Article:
Richard Deacon, Sales and Marketing Director at Masthaven, suggested the emphasis during 2012 will be on new lenders entering the market. He explained: “More players will come into the market, we’ve seen new players come in and we’ve watched Mathon and Excel go out, but I think the emphasis will soon be on people coming in rather than going out...”

And, true to form, these predictions have materialised with the emergence of a plethora of new lenders and intermediaries venturing into the sector.

However, new entrants are being met with a rather lukewarm reception from the existing community, who don’t appear to be threatened by more competition. “New lenders? It’s always been like that, they pop up and then disappear,” Daniel Hertz, Director of Commercial Acceptances, commented.

Similarly, whilst Ian Broadbent notes the rise in new lenders he also raises additional concerns: “There has definitely been a growth in the number of lenders around, but they’re all very much accumulating around a small area in the market which is larger, first charge, non-regulated contracts. This means there is a real void for clients who are looking for a contract that may be FSA or CCA regulated.

“These changes are a benefit to us, as we look to fill those niches that other lenders aren’t supplying, but from a client’s perspective, the regulation is restricting opportunities to obtain suitable bridging finance – and this is a huge issue.”

The negatives

Echoing the concerns raised by Ian back in 2010, Ray Cohen told us that regulation is the worst thing about his job… seemingly a little odd for a compliance expert! He said: “Some regulatory requirements increase the cost to the consumer without any extra benefit to them. After all, you can’t regulate out the crooks. People who want to fiddle money out of the gullible don't worry about the rules, ask any convict!

“I think the FSA overreacted to the credit crunch and in some areas are trying to use a sledgehammer to crack a nut. The risk from a small specialised lender is not the same as the banks gambling millions on markets and securities that they didn't understand.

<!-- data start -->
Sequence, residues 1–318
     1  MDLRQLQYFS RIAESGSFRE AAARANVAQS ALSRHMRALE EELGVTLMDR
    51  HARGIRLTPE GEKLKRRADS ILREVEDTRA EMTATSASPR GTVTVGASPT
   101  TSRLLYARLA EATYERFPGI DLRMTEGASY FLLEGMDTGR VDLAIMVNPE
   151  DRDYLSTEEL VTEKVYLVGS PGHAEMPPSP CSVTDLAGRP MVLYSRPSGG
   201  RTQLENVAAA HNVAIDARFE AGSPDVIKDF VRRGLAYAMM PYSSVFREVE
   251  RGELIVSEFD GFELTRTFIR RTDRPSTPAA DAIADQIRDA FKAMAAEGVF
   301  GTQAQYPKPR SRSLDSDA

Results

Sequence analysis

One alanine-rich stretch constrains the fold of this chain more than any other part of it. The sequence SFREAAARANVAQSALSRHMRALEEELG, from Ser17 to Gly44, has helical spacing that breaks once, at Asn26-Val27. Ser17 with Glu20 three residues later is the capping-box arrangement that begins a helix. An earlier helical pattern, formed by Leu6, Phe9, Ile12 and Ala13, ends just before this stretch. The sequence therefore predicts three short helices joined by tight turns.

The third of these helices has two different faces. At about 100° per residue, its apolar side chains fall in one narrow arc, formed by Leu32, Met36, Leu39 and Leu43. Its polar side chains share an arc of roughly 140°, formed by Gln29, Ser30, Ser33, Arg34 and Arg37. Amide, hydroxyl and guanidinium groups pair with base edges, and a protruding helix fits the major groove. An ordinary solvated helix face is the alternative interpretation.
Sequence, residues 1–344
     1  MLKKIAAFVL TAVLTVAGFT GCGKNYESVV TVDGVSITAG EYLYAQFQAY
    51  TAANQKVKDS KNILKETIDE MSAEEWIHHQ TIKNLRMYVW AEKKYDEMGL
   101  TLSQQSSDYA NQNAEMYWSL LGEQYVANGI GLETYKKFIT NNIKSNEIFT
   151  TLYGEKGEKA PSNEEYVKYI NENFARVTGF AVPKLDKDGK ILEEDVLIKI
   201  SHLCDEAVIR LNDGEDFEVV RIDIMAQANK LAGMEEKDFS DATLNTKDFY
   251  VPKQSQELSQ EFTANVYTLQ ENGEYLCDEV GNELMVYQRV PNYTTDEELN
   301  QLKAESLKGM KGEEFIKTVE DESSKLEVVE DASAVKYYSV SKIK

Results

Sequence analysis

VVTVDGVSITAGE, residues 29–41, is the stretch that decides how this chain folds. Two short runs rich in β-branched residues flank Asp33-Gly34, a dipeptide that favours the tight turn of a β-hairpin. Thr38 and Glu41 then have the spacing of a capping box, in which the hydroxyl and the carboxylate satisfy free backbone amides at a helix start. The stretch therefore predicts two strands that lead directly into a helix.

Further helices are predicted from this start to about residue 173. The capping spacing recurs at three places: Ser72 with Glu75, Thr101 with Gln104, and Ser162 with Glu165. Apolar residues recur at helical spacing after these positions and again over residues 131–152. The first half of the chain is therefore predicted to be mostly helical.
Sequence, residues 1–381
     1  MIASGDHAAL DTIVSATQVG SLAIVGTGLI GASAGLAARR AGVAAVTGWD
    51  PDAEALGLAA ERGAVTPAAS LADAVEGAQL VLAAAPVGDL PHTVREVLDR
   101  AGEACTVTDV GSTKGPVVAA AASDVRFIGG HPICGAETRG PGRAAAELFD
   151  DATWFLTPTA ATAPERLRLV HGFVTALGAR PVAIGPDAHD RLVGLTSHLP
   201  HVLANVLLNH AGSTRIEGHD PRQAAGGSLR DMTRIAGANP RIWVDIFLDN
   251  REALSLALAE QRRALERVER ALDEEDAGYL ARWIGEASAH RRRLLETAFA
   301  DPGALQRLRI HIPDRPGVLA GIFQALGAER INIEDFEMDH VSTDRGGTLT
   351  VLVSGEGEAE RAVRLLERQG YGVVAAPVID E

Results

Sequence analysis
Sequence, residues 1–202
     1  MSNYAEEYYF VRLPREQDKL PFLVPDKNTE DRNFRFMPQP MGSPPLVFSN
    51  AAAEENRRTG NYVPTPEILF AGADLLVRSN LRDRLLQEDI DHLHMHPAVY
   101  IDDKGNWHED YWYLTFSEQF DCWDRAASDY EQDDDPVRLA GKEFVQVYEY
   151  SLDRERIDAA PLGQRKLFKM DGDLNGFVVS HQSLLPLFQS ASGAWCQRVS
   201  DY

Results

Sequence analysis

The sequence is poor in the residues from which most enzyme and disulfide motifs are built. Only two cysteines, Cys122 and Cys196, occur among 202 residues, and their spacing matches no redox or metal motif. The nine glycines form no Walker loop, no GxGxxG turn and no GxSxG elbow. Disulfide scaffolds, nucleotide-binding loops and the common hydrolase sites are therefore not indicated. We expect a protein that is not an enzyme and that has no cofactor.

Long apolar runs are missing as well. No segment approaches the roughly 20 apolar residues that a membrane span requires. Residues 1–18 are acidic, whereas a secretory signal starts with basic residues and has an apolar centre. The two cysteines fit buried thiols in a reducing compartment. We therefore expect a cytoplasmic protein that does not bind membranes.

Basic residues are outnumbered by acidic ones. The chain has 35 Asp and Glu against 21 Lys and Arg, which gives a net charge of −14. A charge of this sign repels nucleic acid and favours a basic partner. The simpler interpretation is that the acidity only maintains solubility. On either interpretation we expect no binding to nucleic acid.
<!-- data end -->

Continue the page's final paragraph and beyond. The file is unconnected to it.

“New entrants are both good and bad. Too much money and there’s too much pressure to lend. A few years ago when Quickbridge entered the market offering a very high LTV – higher than anyone else – everyone thought they wouldn’t survive but they did (for a while anyway) and that pushed up LTV rates everywhere. But I don’t think that will happen again.”

And, further suggesting the future may not be so rosy, Andrew Curry of Aldermore said: “Unless something dramatic happens to the economy within the next 12 months then, regrettably, I see little change within the industry.”

Graham Allan, MD of Commercial Money Matters, summarised the difficulties in his word of warning to new players in the market: “Don’t do it! There’s not enough to go around as it is!”

Yet despite the potentially bleak outlook, there is an overall sense that the industry is on the up and no one would rather be anywhere else, making for a core of steadfast professionals who are prepared to ride out the storms.

Leaving us with a lasting thought, Terry Pritchard, Owner of PWF Corporate Finance, offered his advice for introducers and lenders: “The biggest problem for brokers is that we’re all lazy buggers, we’d much rather be down the pub, but you need to keep ahead of the game.”

“As for lenders, be cautious but not negative about your lending, again keep your costs down as much as possible, and be careful... the FSA almost over-regulates these days. There are lots of ways to lend and make money, but you must know your market place and stick to your model.”